Maine is every kayaker’s dream. With about 13% of the state being covered by water, you don’t have to travel far to find the idyllic tidal marshes or the long lazy winding rivers.
You also do not need to be an expert to explore most of these waterways. Maine is one of the best places to learn how to kayak. All you need is some good knowledge of where you are going and your water companion, your kayak.
With that said, in no particular order, here is our list of the best places to go kayaking in Maine.
1. Presumpscot River, Westbrook
The 25-mile Presumpscot river is an excellent place to start your kayaking journey. The river is relatively calm for some swimming and fishing. You will also enjoy a wide range of spots to paddle along.
One of the most exciting stretches lies at the north of Westbrook so we’d recommend heading up there. It can easily be accessed by a public boat just a few minutes from downtown. Avoid paddling downstream as that may take you to the raging Saccarappa falls shown in the video above.
The shorelines are also heavily wooded, and you might be lucky to spot a few native animals as you pass. If you do not have your own kayak, you will need to hire from elsewhere as there are no rental shops around.
2. Spurwink River, Scarborough
The beautiful Spurwink river begins in the marshes and it gently winds down to the coast of Higgins beach. As well as being very picturesque it’s also a great place to spot wildlife, and if you are a photo enthusiast, you will have an excellent opportunity to see and take beautiful photos of turtles, frogs, birds, and even seals.
If you time the tides just right, you will have a smooth sail through to Higgins beach, and if you are a weather wizard, you might have the flood tide push you back up the river back to your car.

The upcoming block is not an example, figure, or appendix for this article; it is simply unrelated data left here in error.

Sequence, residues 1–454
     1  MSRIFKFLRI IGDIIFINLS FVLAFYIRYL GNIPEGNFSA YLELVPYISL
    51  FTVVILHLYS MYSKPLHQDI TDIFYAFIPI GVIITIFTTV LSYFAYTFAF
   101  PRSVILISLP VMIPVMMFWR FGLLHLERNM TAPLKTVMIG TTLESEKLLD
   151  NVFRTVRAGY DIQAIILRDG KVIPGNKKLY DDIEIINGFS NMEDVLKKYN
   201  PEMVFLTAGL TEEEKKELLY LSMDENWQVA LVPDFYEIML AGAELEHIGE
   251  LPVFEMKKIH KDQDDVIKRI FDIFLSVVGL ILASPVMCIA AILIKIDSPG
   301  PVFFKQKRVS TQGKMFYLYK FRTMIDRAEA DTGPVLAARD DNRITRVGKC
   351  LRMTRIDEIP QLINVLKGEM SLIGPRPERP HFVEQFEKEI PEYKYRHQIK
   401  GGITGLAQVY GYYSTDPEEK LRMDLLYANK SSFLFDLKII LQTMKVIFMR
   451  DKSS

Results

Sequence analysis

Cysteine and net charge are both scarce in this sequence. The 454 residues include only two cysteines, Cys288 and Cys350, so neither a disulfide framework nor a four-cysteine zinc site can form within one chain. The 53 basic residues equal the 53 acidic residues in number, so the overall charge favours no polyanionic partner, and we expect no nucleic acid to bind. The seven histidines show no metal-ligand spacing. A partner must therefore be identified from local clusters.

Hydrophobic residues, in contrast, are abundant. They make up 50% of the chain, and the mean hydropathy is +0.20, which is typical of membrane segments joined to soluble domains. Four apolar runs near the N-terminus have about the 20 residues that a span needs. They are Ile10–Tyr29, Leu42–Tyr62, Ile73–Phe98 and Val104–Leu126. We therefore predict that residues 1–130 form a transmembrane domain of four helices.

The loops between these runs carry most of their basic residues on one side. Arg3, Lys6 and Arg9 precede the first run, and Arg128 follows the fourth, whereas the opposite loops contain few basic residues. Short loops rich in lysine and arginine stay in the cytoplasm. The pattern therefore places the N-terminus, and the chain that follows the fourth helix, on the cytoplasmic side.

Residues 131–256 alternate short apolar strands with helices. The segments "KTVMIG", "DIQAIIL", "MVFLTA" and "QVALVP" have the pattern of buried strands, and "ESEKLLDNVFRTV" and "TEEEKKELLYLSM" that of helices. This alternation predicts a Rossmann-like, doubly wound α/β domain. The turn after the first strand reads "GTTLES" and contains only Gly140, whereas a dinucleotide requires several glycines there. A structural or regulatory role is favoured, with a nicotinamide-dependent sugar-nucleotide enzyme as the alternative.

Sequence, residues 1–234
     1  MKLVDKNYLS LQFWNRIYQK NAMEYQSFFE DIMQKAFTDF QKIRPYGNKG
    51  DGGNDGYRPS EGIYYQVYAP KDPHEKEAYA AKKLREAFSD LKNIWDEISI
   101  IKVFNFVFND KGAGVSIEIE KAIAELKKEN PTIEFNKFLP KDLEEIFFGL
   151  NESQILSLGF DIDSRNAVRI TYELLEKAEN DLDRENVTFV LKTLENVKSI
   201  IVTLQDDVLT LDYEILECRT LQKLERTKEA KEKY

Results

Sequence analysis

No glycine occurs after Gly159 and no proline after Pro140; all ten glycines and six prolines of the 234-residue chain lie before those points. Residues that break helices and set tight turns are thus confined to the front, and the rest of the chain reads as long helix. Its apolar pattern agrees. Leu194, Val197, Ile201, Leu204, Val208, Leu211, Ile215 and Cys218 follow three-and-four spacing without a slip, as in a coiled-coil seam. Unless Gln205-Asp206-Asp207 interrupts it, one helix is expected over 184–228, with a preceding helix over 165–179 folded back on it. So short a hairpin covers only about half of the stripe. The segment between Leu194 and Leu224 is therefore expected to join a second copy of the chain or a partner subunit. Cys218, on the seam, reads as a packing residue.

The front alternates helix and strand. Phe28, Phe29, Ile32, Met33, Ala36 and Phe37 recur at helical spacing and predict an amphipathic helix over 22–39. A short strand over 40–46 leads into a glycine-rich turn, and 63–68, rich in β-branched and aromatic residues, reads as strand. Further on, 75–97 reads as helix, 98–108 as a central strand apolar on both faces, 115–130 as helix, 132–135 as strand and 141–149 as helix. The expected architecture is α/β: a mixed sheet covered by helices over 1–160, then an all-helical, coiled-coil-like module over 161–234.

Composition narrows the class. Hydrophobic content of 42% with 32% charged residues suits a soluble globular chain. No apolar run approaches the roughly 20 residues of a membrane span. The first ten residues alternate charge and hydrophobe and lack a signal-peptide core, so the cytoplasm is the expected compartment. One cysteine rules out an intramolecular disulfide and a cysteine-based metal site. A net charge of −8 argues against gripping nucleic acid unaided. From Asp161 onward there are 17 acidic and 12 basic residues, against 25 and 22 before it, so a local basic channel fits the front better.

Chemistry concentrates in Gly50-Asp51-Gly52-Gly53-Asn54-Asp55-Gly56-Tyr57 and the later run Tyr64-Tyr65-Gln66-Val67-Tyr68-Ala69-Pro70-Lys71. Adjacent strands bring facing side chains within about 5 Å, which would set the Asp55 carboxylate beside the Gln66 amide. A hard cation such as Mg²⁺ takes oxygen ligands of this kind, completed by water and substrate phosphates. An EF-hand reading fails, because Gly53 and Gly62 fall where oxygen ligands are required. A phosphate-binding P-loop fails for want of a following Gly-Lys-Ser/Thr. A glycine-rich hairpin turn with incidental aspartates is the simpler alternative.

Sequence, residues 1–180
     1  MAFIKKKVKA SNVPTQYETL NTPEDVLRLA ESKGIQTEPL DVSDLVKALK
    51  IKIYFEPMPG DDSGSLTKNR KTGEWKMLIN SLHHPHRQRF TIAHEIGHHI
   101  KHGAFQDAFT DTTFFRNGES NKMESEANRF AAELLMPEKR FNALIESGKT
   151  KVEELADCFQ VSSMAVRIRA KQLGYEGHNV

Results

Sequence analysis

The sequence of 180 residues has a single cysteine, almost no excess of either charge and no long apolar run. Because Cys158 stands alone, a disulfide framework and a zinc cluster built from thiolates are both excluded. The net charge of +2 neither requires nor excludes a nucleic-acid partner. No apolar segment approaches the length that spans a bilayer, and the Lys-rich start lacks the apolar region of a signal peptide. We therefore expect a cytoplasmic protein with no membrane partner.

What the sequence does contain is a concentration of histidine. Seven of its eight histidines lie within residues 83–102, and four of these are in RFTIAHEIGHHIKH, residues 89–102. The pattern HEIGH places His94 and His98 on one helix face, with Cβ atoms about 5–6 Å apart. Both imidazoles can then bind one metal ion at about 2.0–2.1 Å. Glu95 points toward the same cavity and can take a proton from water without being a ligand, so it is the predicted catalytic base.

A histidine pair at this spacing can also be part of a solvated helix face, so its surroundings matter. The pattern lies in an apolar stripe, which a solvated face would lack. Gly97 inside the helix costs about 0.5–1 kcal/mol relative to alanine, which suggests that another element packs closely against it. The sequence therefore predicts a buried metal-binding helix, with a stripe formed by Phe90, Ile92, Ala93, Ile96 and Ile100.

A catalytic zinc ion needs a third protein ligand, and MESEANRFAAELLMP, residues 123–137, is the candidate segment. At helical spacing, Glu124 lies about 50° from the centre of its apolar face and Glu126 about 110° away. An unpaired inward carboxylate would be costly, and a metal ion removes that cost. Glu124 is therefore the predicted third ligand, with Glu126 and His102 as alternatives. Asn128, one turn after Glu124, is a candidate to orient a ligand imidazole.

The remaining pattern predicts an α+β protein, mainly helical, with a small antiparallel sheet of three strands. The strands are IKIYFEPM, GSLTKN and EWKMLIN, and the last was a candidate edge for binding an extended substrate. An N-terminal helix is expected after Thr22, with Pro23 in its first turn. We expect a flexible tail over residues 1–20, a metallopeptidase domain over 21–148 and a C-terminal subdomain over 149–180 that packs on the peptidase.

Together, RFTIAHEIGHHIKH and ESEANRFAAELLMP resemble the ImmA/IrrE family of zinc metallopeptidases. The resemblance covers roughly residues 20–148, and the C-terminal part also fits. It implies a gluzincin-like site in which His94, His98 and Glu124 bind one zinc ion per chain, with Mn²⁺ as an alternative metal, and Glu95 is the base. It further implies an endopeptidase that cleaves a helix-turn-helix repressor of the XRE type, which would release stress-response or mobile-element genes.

However, be prepared to paddle one way against the current. The end stream is dangerous; be careful as you approach the end because you will be facing the open ocean, which comes with many waves and swift currents.
3. Cape Porpoise Harbor, Kennebunkport
Have you ever kayaked to an island? What about an island with a lighthouse? A lobster? Then head to the east Stage Harbor and have a view of the three, all in one place!
The lighthouse is situated at the main entrance to Cape Porpoise Harbor and, if you’re there on time, you can catch the periodic tour of the lighthouse.
The beautiful harbor was named by Captain John Smith in 1614 and it’s divided into two sections. The main harbor is a lot busier as it features lobster boats and a lot of fishing vessels.
The other harbor is less noisy as it is surrounded by islands, and it’s where the working lighthouse sits so we’d recommend this harbor for your kayaking trip.
4. Scarborough Marsh, Scarborough
Owned and managed by the Maine department of inland fisheries and wildlife, the Scarborough marsh offers a perfect starting point into the labyrinth-like waterway of the state’s largest saltwater marsh. If you have your kayak, you won’t have trouble finding a spot to launch from.
If you don’t have your own kayak though, you can always rent or take part in a guided tour. If you like still quiet waters, this place will impress you as it is a popular destination for beginners. When kayaking, make sure to be aware of the tidal currents to avoid getting stranded. The site is a prime venue for herons, egrets, glossy ibis, and other wildlife.
5. Saco River, Biddeford
The Saco River is another excellent place for your kayaking adventure. The location offers a slightly different take when it comes to kayaking as it gives kayakers a first-hand view of Saco’s industrial legacy, Saco municipal, which offer easy access to the river.